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3.6: Properties of Nuclear States

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    Nuclei are quantum systems, and as such must be described by a quantum Hamiltonian. Fortunately nuclear energies are much smaller than masses, so that a description in terms of non-relativistic quantum mechanics is possible. Such a description is not totally trivial since we have to deal with quantum systems containing many particles. Rather then solving such complicated systems, we often resort to models.

    Quantum numbers

    As in any quantum system there are many quantum states in each nucleus. These are labelled by their quantum numbers, which, as will be shown later, originate in symmetries of the underlying Hamiltonian, or rather the underlying physics.

    Angular Momentum

    One of the key invariances of the laws of physics is rotational invariance, i.e., physics is independent of the direction you are looking at. This leads to the introduction of a vector angular momentum operator,

    \[\hat{\vec{L}} = \hat{\vec{r}} \times \hat{\vec{p}},\]

    which generates rotations. As we shall see later quantum states are not necessarily invariant under the rotation, but transform in a well-defined way. The three operators \(\hat{L}_x\), \(\hat{L}_y\) and \(\hat{L}_z\) satisfy a rather intriguing structure,

    \[[\hat{L}_x,\hat{L}_y] \equiv \hat{L}_x \hat{L}_y -\hat{L}_y \hat{L}_x = i\hbar \hat{L}_z,\]

    and the same for cyclic permutation of indices (\(xyz\rightarrow yzx\) or \(zxy\)). This shows that we cannot determine all three components simultaneously in a quantum state. One normally only calculates the length of the angular momentum vector, and its projection on the \(z\) axis,

    \[\begin{aligned} \hat{\vec{L}}^2 \phi_{LM} &= \hbar^2 L(L+1) \phi_{LM},\nonumber\\ \hat L_z \phi_{LM} &= \hbar L_z \phi_{LM}.\end{aligned}\]

    It can be shown that \(L\) is a non-negative integer, and \(M\) is an integer satisfying \(|M|<L\), i.e., the projection is always smaller than or equal to the length, a rather simple statement in classical mechanics.

    The standard, albeit slightly simplified, picture of this process is that of a fixed length angular momentum precessing about the \(z\) axis, keeping the projection fixed, as shown in Figure \(\PageIndex{1}\).

    Figure \(\PageIndex{1}\): A pictorial representation of the “quantum precession” of an angular momentum of fixed length \(L\) and projection \(M\).

    The energy of a quantum state is independent of the \(M\) quantum number, since the physics is independent of the orientation of \(L\) in space (unless we apply a magnetic field that breaks this symmetry). We just find multiplets of \(2L+1\) states with the same energy and value of \(L\), differing only in \(M\).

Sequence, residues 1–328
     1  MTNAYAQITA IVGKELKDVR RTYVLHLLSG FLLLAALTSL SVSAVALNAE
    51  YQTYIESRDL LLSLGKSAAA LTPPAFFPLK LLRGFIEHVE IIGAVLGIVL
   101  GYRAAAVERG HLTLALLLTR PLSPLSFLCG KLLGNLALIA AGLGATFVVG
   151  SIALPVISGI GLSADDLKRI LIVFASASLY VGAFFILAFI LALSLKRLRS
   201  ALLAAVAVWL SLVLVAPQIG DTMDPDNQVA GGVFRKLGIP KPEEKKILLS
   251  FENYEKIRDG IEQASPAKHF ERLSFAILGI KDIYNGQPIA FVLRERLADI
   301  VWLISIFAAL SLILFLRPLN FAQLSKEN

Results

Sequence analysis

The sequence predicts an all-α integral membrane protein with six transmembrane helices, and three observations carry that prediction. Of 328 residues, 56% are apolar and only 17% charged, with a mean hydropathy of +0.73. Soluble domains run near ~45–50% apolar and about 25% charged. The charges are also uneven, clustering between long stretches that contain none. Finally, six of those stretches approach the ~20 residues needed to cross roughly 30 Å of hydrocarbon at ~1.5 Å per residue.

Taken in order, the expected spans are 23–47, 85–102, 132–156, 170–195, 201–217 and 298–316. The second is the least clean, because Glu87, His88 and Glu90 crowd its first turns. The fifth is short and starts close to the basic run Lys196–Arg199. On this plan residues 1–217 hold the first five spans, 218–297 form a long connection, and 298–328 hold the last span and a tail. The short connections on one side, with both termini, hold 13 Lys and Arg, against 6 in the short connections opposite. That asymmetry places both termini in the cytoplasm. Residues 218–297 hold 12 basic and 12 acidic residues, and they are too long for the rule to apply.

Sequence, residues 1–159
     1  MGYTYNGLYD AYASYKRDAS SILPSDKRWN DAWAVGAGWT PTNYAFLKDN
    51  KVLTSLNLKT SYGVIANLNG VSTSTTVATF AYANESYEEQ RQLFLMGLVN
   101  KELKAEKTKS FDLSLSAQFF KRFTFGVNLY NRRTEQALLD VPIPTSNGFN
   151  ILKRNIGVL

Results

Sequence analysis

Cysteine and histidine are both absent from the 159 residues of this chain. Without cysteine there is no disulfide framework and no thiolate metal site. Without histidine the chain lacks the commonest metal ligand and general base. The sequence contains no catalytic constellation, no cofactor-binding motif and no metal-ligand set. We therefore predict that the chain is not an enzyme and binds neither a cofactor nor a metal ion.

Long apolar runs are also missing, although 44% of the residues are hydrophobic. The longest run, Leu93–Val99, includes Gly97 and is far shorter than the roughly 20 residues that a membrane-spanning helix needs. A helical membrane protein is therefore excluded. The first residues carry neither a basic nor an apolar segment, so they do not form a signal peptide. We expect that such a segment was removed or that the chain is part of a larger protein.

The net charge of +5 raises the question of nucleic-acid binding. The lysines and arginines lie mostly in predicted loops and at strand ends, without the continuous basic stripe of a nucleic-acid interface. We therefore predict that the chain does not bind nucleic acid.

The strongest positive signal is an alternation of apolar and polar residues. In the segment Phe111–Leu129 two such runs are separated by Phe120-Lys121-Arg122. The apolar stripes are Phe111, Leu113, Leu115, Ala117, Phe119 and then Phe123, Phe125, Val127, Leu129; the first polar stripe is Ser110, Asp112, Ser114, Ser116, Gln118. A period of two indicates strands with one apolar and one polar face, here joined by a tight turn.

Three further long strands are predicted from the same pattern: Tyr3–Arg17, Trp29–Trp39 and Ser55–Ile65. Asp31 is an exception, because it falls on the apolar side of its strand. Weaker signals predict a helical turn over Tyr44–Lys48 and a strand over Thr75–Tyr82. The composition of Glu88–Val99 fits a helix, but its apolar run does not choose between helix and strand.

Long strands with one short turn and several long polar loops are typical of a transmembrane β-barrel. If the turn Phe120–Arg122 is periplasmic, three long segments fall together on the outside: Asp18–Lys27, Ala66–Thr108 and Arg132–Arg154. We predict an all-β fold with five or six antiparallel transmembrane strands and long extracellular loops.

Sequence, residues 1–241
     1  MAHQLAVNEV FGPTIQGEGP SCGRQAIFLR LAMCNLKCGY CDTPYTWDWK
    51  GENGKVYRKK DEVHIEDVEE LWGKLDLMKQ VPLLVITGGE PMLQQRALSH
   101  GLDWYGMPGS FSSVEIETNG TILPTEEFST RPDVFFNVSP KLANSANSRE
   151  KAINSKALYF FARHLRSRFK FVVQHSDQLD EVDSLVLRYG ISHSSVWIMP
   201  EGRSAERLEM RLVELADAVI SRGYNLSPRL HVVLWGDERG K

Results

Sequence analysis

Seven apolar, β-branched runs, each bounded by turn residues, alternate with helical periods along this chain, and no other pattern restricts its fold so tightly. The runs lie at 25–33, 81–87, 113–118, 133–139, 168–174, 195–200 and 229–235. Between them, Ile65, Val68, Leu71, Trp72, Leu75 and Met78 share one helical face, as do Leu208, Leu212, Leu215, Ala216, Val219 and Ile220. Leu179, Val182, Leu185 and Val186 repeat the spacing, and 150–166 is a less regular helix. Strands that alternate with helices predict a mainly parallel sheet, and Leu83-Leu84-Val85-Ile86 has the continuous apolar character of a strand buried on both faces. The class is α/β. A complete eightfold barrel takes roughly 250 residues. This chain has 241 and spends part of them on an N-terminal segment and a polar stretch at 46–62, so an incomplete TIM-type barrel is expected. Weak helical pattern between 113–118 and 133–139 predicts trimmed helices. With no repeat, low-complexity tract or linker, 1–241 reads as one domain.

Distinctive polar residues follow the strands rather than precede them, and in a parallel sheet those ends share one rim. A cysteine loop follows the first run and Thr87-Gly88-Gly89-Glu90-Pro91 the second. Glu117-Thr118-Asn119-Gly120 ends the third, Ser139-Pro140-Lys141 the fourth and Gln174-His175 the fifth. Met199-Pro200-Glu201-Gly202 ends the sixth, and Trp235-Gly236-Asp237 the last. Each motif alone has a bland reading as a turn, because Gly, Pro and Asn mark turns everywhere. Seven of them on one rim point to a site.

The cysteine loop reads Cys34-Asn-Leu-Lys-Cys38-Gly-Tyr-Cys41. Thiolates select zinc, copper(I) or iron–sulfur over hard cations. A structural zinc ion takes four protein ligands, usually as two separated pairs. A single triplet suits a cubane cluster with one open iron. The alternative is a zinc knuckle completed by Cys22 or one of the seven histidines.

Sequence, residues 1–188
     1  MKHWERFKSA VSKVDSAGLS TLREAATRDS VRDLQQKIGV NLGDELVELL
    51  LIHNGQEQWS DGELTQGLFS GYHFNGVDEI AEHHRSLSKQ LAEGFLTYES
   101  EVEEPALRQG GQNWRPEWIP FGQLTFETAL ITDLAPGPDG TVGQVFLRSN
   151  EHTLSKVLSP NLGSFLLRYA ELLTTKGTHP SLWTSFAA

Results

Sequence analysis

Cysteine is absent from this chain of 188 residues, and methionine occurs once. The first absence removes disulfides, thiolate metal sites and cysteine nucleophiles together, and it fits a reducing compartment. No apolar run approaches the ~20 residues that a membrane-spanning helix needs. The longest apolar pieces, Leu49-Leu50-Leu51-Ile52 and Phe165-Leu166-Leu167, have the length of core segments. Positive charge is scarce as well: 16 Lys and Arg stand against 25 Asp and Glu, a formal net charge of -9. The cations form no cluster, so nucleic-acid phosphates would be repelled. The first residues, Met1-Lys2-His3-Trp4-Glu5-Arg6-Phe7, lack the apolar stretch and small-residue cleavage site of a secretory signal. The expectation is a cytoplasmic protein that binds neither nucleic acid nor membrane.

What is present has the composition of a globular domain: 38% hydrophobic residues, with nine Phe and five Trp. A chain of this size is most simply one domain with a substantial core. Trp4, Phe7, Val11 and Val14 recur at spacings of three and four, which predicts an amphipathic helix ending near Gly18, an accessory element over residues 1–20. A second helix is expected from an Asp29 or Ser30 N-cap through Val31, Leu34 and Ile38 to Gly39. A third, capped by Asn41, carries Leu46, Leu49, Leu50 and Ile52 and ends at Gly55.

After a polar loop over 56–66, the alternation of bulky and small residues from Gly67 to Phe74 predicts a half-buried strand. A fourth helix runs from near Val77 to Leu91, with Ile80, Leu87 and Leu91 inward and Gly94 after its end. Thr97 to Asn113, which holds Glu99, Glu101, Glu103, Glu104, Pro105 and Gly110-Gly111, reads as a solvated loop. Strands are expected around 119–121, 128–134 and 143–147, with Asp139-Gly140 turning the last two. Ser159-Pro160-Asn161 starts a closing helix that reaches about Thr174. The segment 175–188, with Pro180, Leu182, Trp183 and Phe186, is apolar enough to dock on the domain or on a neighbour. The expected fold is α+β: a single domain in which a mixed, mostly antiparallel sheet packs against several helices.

Unfortunately the story does not end here. Like electrons, protons and neutron have a spin, i.e., we can use a magnetic field to separate nucleons with spin up from those with spin down. Spins are like orbital angular momenta in many aspects, we can write three operators \(\hat{\vec{S}}\) that satisfy the same relation as the \(\hat{L}\)’s, but we find that

    \[\begin{aligned} \hat{\vec{S}}^2 \phi_{S,S_z}= \hbar^2 \frac{3}{4} \phi_{S,S_z},\end{aligned}\]

    i.e., the length of the spin is \(1/2\), with projections \(\pm1/2\).

    Spins will be shown to be coupled to orbital angular momentum to total angular momentum \(J\),


    and we shall specify the quantum state by \(L\), \(S\), \(J\) and \(J_z\). This can be explained pictorially as in Figure \(\PageIndex{2}\).

    Figure \(\PageIndex{2}\): A pictorial representation of the vector addition of spin and orbital angular momentum.

    There we show how, for fixed length \(J\) the spin and orbital angular momentum precess about the vector \(\vec{J}\), which in its turn precesses about the \(z\)-axis. It is easy to see that if \(\vec{L}\) and \(\vec{S}\) are fully aligned we have \(J=L+S\), and if they are anti-aligned \(J=|L-S|\). A deeper quantum analysis shows that this is the way the quantum number work. If the angular momentum quantum numbers of the states being coupled are \(L\) and \(S\), the length of the resultant vector \(J\) can be

    \[J=|L-S|, |L-S|+2,\ldots,L+S.\]